The Curious Case of Herman Cain
Workers for the undoing of racism find ourselves in an uncomfortable position. We are trying to mobilize a nation to combat pervasive, veiled institutional racism at a time when both of America’s major political parties are led by black men. How does one convince a body politic intent on ignoring race that a country whose political leadership appears to be black is actually beset by generational problems infecting virtually every facet of life, skewed against black empowerment? This is an unfamiliar historical space, to be sure, but one way to begin would be a look at those two men.
On the one hand, there is Barack Obama, who epitomizes the type of dignified blackness that has always terrified white people; on the other, there is Michael Steele, who epitomizes the type of black buffoonery that has always delighted white people. President Obama’s oratorical prowess brings to mind Frederick Douglass; his wide-ranging and sophisticated breadth of knowledge, W.E.B. DuBois; his control over his demeanor, Malcolm X. By way of contrast, Michael Steele’s tenure at the RNC has been worthy of Yakety Sax and sped-up film, for how magisterial it has been. He began his term with a promise to apply conservative values to “urban/suburban hip-hop settings,” since which he has launched the party into a “pattern of self-inflicted wounds and missteps” that led a “deeply troubled” Sam Fox, one of the Republicans’ most successful fundraisers, to resign from his RNC post (those missteps including spending $2,000 of RNC donor money at a bondage-themed sex-show club in West Hollywood). Steele attributes this criticism to his style – a little too “street-wise” for the reigning Republican ethos. No DuBois here: try Tracy Morgan, Shock G and J.J. Evans instead.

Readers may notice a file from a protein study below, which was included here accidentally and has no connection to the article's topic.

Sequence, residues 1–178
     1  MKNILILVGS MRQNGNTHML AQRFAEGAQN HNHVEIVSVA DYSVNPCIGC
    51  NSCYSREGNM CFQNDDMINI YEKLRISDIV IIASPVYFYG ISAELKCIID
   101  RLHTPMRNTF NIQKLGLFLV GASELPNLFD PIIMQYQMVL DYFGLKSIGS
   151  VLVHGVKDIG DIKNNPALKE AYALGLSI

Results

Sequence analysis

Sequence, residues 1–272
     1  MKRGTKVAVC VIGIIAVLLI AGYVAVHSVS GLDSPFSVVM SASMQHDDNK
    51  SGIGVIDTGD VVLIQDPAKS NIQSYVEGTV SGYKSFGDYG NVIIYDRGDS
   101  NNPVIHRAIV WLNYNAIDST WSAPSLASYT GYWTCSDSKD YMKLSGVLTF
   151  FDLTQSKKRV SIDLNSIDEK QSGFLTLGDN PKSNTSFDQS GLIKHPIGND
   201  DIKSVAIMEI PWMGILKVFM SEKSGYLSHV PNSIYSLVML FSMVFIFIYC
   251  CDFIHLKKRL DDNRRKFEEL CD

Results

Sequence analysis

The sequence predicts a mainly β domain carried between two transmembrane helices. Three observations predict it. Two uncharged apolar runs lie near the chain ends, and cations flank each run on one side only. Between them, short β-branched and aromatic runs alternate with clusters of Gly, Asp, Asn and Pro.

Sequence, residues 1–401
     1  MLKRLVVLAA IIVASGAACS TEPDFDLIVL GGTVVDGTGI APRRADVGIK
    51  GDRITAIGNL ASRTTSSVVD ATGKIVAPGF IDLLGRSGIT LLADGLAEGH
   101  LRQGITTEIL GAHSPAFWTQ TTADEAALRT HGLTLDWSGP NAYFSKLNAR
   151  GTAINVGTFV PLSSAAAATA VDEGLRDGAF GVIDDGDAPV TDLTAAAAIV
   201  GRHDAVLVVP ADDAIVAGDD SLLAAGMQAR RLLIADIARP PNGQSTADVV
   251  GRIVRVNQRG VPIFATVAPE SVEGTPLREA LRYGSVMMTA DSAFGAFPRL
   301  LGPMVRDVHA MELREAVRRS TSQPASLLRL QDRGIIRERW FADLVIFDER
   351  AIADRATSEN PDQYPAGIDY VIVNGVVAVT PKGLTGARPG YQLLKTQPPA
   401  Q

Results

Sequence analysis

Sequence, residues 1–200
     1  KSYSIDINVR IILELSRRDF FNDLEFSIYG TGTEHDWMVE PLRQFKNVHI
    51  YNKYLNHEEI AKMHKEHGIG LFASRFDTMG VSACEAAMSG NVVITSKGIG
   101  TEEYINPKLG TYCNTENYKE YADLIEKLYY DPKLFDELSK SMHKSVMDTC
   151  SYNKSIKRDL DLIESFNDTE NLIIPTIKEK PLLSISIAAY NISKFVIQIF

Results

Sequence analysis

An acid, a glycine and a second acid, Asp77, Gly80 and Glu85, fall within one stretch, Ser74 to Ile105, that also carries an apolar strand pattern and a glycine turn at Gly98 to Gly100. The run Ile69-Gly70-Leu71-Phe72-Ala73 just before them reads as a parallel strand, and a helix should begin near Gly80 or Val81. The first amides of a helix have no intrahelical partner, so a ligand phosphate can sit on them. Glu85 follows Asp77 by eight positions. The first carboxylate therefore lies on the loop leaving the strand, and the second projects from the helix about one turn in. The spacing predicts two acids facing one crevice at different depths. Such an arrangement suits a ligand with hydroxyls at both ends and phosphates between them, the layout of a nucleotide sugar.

Into this scenario, enter Atlanta-based radio host Herman Cain, a curious case and one worth monitoring diligently. His speech at the Southern Republican Leadership Conference this month was met with little media coverage, overshadowed perhaps by the news out of Poland and out of the Supreme Court, but video of the speech has been posted breathlessly on a staggering number of conservative blogs (and now on this one, as well).
Unless you are the type, as I am, to watch that whole thing, you may have missed the very end, in which the raucously well received Cain coyly hinted to the conference, “There are a lot of people that might be interested in seeking the Republican nomination, but I want you to remember one thing: there might also be a dark-horse candidate you don’t know about.” And with that, he exited (stage right, fittingly) to the types of cheers that right-wingers normally afford only the likes of Sarah Palin and Michelle Bachmann. Cue the buzz on the conservative blogs: Was That An Announcement Of His Candidacy? (The phrase “dark horse” must surely have encouraged such thunderstruck speculation, mustn’t it? That’s part of what was funny when President Obama called Dick Cheney the “black sheep” of the family, right?) And, just like that, the Grand Old Party had its Great Black Hope.
Cain began his speech by quoting from memory the radical right’s favorite president, Thomas Jefferson: “We hold these truths to be self-evident, that all men – and women,” he added for good measure, “are created equal, that they are endowed by their Creator with certain unalienable Rights, that among these are Life, Liberty and the pursuit of Happiness… When any government becomes destructive to these ends, it is the Right of the People to alter and abolish it.” (One wonders whether Cain, who calls his ethos, “hard work and faith,” knows that Jefferson did some altering and abolishing of his own, cutting every reference to Christ’s divinity from his copy of the Bible, which takes care of the “faith” part, while Sally Hemmings did the “hard work.”) The opening strains of the Declaration of Independence drew their customary applause, as did Cain’s self-congratulation that he had recited them without the aid of a teleprompter.
Exactly how the Obama administration has been destructive to the ends of life, liberty and the pursuit of happiness (in any way that, for instance, the Bush administration wasn’t), Cain left for another time – perhaps on air – preferring instead to use the occasion to inflame the audience: “We’ve got some altering and abolishing to do!” Lest anyone take, as many do, such a charge to mean violence, Cain saw fit to impress the paramount importance of winning back both houses of Congress in November. That was the primary goal in “defending the American dream,” three “suggestions” for which constituted the bulk of Cain’s speech.